There’s no time like the present
We are aging in place in the homes we have now – all of us are doing so without exception. This applies to any home type or style of home as long as it is designed for occupancy for more than a few days. It doesn’t matter how many square feet it may have, whether it’s a one-floor ranch, a home with multiple stories and a basement, one with a garage – attached or detached, when it was built and how old or new they are, and whether they are located in a large city, small town, or even a rural area.
Our homes form the basis for aging in place. We coexist with them, and how we respond to what they provide is the measure of long-term enjoyment and satisfaction. To the extent that our homes meet our needs well and that we enjoy being in them, we can continue aging in place quite nicely. To the extent that they aren’t as accommodating or as safe as we might want, there’s no time like the present to begin doing something to make them better.
Aging in place has no boundaries
Aging in place is not just for some people and not for others. Everyone of any age, young or old, is included. Our homes provide the physical parameters of our aging in place environment, and we supply the modifications that we want to make that living environment more suitable and effective for our daily requirements. Aging in place is happening now rather than at some future undefined time.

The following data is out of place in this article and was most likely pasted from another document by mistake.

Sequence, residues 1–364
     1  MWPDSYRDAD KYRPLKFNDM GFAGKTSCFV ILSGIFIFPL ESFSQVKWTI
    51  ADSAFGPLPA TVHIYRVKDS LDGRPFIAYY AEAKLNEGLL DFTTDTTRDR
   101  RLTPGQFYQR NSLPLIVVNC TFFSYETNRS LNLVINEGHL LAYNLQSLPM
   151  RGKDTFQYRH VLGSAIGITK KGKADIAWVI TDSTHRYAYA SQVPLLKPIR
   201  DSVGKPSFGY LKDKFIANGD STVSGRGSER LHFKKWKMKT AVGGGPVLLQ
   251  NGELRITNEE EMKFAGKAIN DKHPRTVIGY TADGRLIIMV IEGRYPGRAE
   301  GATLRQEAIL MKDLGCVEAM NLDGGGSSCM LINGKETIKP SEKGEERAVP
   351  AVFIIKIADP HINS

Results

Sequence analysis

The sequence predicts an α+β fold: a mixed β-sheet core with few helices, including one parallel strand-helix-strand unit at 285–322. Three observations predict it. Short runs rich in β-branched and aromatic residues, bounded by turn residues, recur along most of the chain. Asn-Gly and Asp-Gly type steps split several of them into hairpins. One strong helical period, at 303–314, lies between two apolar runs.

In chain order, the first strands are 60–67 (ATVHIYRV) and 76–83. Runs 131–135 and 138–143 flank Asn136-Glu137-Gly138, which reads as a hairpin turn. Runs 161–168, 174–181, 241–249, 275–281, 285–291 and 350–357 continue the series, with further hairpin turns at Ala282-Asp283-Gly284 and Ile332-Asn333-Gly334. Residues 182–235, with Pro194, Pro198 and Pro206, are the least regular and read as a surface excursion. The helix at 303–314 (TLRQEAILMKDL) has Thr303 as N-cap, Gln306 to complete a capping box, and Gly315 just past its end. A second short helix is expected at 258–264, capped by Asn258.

It doesn’t take a lot of money to make improvements that we feel are necessary to improve our home environment although this can be helpful. There are many inexpensive improvements that can be made. Part of how we approach aging in place improvements and renovations for someone is their budget, but mostly it is based on what we need to accomplish to help them remain in their homes safely and determine that it is accessible and comfortable as well and helping them find items within the home easy and convenient to use.
No universal approach
Aging in place renovations or improvements are approached individually and are unique to a given client and home environment. We might use similar or even identical approaches in more than one situation, but that is because it works and not because we are attempting to complete any type of assembly line approach. We need to meet the requirements of each client and their home setting. while we may have used similar approaches elsewhere, we must address the needs we observing and fashion a solution to accommodate them within the stated budget.
There simply is no boilerplate approach to providing solutions where every home gets the same five, ten, or twenty modifications because everyone’s needs are potentially different, their homes might not need or be able to accommodate all of these items, and the clients might need something else even more to help them use their homes more successfully.